I think in today’s world we have forgotten about our bodies. We take it with us everywhere we go, but we don’t seem to be aware of it that much. Sure there are many of us concerned with what we look like and take care of this aspect very well. But I mean do we care about what our bodies feel like on a day to day basis? Or how our body feels during the day from morning to evening? I can imagine when you have an injury or suffering from chronic pains you will notice what your body feels like on a daily basis, yes. But that will most likely be a negative experience. What I mean is much more general. A general yet intentional love for the current state of your whole body and all its little details and wonderful capacities.

Yoga helps you to get this focus in your life. With yoga you learn to become very aware of your body so that you can appreciate, love and marvel at all that it is. For example your breath, flowing through you, giving you life. Your organs working every second to make sure you can live with or without your awareness of it. Your feet, carrying you everywhere you go. So many people say they hate their feet. Well, imagine life without them. They do so much for you, you should love them to bits you know!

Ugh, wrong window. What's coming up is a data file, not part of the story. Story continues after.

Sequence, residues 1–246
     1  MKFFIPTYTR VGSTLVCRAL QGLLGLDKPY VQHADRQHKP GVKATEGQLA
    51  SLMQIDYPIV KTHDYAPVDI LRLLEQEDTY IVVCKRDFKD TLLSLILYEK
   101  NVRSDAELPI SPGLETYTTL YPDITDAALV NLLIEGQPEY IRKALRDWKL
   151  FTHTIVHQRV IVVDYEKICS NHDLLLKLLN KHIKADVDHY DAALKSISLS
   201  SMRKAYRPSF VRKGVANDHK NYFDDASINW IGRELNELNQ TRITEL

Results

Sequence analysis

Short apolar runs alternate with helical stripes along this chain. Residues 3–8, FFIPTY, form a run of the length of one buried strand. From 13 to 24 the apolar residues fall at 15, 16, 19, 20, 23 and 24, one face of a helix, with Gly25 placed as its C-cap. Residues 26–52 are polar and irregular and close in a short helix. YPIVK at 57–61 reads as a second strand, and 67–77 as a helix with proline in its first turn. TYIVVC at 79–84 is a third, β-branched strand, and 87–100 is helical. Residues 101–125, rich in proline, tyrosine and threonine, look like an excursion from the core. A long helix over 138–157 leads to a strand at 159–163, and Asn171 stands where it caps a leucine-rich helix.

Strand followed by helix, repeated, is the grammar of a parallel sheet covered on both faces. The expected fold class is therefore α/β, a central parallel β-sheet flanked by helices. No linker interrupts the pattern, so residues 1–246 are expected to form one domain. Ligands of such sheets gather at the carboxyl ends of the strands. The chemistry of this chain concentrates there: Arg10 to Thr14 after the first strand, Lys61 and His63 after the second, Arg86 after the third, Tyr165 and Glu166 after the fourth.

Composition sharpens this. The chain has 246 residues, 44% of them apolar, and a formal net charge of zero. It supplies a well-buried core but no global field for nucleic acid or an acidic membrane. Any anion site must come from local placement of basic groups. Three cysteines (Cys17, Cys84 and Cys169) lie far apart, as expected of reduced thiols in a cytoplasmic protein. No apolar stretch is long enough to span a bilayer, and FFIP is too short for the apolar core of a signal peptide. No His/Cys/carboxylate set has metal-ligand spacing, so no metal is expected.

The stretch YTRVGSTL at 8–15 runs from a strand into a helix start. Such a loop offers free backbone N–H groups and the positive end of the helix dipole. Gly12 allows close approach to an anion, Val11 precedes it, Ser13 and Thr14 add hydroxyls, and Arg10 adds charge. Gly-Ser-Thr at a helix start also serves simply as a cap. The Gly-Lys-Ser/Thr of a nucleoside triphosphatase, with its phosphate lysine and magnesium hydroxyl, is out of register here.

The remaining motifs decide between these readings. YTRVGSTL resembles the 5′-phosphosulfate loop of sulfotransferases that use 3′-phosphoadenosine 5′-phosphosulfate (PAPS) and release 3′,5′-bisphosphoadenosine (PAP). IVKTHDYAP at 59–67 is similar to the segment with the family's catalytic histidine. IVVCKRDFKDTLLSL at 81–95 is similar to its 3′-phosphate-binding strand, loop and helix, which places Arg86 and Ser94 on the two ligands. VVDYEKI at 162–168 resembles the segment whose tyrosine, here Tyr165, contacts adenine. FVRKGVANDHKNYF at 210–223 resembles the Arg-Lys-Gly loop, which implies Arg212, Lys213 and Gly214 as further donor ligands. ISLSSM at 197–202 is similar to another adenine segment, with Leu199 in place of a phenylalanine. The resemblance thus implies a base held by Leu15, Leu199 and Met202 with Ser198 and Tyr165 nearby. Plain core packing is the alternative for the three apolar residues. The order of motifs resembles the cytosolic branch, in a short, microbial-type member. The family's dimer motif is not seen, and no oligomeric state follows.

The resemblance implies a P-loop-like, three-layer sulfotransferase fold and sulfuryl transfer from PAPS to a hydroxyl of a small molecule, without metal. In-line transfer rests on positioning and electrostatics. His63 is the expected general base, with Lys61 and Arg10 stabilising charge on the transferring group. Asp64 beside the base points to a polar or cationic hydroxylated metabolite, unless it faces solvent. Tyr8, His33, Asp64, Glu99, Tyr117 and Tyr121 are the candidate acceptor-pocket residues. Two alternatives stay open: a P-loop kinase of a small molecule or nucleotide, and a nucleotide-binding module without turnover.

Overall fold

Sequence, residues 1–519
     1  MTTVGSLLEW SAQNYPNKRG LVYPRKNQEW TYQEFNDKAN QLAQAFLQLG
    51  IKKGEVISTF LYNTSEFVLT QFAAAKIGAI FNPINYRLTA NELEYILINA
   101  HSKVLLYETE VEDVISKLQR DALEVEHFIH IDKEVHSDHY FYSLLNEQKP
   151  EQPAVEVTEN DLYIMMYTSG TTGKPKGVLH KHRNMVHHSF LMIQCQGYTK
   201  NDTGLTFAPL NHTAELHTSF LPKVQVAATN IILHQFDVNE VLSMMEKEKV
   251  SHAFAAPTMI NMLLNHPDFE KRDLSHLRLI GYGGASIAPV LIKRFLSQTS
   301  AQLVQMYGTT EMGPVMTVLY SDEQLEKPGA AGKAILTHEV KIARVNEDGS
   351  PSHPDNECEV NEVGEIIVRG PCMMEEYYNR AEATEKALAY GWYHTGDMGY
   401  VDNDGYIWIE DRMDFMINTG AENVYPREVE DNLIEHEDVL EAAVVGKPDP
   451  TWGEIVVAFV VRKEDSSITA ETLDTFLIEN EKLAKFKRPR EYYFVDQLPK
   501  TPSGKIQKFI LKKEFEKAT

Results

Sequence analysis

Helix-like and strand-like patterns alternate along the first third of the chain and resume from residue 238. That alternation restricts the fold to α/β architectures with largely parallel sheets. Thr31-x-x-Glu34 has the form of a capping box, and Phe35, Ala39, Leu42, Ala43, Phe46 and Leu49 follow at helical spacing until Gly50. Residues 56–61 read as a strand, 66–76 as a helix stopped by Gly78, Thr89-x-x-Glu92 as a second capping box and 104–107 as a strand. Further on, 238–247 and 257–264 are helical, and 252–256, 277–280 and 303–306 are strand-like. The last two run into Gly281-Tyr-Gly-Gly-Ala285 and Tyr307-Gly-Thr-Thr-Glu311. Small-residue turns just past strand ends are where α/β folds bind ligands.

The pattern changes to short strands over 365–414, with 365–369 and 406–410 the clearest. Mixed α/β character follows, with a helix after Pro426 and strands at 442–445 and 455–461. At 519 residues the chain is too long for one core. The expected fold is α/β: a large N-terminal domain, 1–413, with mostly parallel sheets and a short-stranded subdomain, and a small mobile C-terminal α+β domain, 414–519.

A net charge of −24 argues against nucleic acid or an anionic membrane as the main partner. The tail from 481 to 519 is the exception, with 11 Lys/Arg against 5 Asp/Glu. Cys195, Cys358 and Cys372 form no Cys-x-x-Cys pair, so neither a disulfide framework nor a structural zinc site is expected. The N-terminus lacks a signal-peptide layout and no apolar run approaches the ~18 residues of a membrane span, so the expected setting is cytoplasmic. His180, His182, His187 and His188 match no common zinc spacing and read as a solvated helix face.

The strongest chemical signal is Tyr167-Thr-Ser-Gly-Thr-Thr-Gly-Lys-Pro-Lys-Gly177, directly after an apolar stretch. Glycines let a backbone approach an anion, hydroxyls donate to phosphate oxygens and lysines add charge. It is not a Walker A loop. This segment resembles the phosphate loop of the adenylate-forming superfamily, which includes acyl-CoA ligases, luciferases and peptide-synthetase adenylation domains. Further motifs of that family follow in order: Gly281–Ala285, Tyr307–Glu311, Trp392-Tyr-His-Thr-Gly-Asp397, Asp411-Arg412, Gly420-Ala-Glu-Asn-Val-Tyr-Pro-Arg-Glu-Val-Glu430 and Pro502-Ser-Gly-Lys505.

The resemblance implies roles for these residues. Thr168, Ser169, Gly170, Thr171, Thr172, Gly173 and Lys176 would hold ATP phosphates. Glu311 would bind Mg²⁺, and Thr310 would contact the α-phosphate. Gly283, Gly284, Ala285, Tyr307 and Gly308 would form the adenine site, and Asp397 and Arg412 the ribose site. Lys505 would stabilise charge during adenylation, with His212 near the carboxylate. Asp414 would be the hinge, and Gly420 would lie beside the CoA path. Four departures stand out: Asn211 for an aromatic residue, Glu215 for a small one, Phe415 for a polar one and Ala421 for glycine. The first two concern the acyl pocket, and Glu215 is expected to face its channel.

Your yoga practice is a perfect moment to give your body the attention it deserves. And – this is one of my favourite plusses – the things you practice on the mat and the things you learn about your body, will eventually become a part of your off-the-mat-life too. You’ll be more considerate about your posture. You will be less inclined to ask too much of your body. You’ll be more aware of your breath. And more balanced overall.